The biggest lesson of the morning was to go with the flow and allow whatever unfolded to do so without getting caught up in the pictures of how it should play out. I have learned that when we allow ourselves to be controlled by ‘shoulds’ we will more than likely miss out on the magic that is on offer.
We had set the chairs facing the blackboard, with the tables, which were groaning under the weight of the many donated plates of food, behind them. But we very soon realised that this plan was about to change as our guests arrived and sat down in the closest chair possible with their backs to the blackboard and facing the food! So, the seating plan changed and the picture of how we thought it should be let go of, which allowed so much spontaneity to unfold and with it so much joy.
We had decided to keep it simple with not too many presentations but lots of interaction, from a gentle exercise session for the ageing body to some foot-tapping country and western singing. The community constable who turned up was even roped in to be the demonstrator of the exercises which he did willingly and with a smile.
As it was school holidays, we were blessed by the presence of several children who were there to bring the generations together. My 11 year old granddaughter, with a little bit of help from her brother, had spent the previous afternoon decorating 60 name tags and then as each person arrived she wrote their names on these lovingly designed works of art. Then at morning teatime the children mixed and mingled and handed out plates of food. It was such a joy to see the faces of the elders light up as a child stopped in front of them with a plate of delicious food to share. I could see that each child was reflecting back to them a memory of the beautiful little child that they once were, and can probably still feel inside. This to me was one of the biggest joys of the morning apart from the singing which at times may have been off-key but was full of fun and so much laughter.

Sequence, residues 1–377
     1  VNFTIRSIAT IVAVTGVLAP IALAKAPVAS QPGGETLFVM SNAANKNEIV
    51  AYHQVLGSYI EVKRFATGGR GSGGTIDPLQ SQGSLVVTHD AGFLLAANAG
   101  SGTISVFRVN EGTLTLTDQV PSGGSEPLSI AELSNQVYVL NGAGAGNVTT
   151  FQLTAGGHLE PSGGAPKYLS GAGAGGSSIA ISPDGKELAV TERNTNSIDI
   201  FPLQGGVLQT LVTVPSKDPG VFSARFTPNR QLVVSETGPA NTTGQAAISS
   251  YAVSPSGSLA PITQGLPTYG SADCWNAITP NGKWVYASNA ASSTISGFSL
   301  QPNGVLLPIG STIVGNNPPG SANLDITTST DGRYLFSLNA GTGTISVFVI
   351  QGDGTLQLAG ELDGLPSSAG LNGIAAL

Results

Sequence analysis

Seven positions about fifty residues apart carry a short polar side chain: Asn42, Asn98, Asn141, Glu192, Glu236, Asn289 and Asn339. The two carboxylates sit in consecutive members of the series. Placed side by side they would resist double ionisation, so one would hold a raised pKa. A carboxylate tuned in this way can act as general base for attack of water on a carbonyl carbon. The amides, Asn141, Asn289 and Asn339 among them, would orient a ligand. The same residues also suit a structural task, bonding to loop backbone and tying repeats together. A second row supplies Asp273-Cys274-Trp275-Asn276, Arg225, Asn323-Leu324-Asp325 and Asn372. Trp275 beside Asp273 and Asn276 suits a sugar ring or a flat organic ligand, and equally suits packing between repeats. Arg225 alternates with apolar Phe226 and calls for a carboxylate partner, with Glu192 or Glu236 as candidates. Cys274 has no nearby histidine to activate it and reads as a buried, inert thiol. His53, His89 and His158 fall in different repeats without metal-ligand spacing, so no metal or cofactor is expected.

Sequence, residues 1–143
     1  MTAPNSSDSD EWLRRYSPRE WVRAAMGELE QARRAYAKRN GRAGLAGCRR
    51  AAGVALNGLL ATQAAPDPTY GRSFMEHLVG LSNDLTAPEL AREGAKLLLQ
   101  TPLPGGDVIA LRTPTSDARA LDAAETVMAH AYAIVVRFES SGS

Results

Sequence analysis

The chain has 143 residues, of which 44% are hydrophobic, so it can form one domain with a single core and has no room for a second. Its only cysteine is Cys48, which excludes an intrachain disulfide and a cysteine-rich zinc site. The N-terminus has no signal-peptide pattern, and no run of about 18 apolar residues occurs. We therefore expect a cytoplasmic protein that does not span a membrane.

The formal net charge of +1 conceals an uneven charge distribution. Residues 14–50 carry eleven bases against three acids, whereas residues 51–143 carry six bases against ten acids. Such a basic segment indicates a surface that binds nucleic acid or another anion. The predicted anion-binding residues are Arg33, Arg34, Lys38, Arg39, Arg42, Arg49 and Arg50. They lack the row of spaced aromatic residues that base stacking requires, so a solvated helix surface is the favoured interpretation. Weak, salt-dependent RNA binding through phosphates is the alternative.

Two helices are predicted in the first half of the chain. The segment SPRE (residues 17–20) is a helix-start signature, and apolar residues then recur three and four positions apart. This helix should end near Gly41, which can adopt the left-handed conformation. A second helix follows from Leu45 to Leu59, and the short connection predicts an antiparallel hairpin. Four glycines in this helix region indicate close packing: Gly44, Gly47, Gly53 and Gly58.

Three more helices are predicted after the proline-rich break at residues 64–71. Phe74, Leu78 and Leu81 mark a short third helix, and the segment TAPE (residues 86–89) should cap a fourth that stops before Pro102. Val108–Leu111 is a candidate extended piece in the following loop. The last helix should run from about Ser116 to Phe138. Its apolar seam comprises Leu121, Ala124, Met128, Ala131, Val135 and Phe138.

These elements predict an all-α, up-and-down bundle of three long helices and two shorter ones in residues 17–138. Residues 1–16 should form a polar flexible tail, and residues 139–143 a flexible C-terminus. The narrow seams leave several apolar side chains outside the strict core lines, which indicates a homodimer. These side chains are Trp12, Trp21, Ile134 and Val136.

No one really wanted to leave but after two hours that seemed so much longer -in a wonderful way- it was time for them to do so. I finally had the opportunity to sit and chat with those who were still waiting to be picked up and in doing so learned a little about the stories of their lives and what had brought them to this place at this time. I would have loved to have had more of this precious space to get to know these lovely people, but that will have to wait until next time. And yes, there will be a next time.
I am absolutely loving the fact that the impulse to say yes to hosting this celebration appears to have given birth to an on-going programme of events that will regularly celebrate the elders in our community. Taking the time to celebrate them and to honour all that they bring to our lives is such a simple and joyous thing to do, a time that will not only enrich their lives but the lives of all those who say yes to sharing this day with them; I know that it has enriched mine.